The Joys of Motherhood
We first see slavery in The Joys of Motherhood when the senior wife of Nnu Ego's father dies, and her slave woman is buried alive with her despite the slave's protests that she wants to live. Nnu Ego is born some months later, and it turns out that the slave woman has become Nnu Ego's chi, her personal god. This god takes revenge on Nnu Ego years later when she struggles to get pregnant. The slave woman has become Nnu Ego's curse. After Nnu Ego finally is able to get pregnant, she struggles her entire life to keep her kids clean, clothed, and well fed. The slave woman/god continues to have her way with Nnu Ego, even after Nnu Ego's father frees all of his slave and adopts them as his own children.
But literal slaves aren't the only slaves in this novel. Ibo men who work for white masters in Lagos have ceased being "men." They no longer command their wives' respect in the same way because their wives see that they are not their own masters. Nnu Ego is also a slave, not only to her husband Nnaife who keeps claiming that he "owns" her because he paid bride price for her, but also to her children. Her love and sense of duty to the children she bore keeps her enslaved, even when they seem to disregard her well being.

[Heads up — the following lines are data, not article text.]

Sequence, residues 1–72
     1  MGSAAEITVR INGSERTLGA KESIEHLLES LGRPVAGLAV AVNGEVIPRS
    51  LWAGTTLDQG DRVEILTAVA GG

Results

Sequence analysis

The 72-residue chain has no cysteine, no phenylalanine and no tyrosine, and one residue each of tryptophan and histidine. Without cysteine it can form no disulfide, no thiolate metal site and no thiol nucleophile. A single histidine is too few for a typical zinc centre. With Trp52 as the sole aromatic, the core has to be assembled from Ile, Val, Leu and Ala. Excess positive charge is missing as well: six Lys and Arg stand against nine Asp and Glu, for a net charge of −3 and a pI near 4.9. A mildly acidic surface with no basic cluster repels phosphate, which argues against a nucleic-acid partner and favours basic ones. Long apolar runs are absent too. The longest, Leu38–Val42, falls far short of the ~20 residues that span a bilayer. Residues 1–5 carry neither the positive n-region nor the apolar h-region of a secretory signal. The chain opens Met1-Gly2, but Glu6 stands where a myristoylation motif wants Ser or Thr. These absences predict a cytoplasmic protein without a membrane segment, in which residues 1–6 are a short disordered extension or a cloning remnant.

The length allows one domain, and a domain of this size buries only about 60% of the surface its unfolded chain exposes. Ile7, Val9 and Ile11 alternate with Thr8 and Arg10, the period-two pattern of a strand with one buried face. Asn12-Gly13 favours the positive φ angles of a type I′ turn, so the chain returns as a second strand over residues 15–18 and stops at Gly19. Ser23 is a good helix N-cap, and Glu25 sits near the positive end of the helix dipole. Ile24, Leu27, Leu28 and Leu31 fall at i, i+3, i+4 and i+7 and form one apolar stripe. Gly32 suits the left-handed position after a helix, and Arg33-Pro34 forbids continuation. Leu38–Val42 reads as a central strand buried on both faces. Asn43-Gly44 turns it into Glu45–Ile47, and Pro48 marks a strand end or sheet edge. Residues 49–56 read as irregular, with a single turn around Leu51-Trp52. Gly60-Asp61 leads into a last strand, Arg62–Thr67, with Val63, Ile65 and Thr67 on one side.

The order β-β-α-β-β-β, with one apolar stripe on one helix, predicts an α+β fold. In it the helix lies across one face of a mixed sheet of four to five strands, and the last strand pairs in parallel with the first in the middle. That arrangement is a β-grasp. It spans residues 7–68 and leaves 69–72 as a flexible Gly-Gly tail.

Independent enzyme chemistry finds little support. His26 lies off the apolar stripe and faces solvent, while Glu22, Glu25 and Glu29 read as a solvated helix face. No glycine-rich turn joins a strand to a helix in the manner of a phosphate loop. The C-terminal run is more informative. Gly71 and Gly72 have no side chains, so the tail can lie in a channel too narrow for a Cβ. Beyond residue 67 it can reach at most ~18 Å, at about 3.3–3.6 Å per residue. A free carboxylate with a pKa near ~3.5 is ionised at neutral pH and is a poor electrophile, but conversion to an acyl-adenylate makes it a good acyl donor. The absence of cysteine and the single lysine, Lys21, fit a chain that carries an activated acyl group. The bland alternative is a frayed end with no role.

Questions About Slavery
- Which characters are treated like slaves at some point in the novel? How do they respond to their treatment? What does it do to their humanity?
- Why does Nnu Ego's father release all his slaves? Do you think it helped Nnu Ego? Why or why not?
- According to The Joys of Motherhood, why is Nnu Ego's chi, a slave woman, bitter enough to deny Nnu Ego children? What happens when her chi relents and gives her children?
Chew on This
Even though Nnu Ego is at first considered a failed woman without children, she soon discovers that having children enslaves her.
Although the prospect of making lots of money working for the white men entices Ibo men to come to Lagos, they soon discover that being a servant emasculates and enslaves them.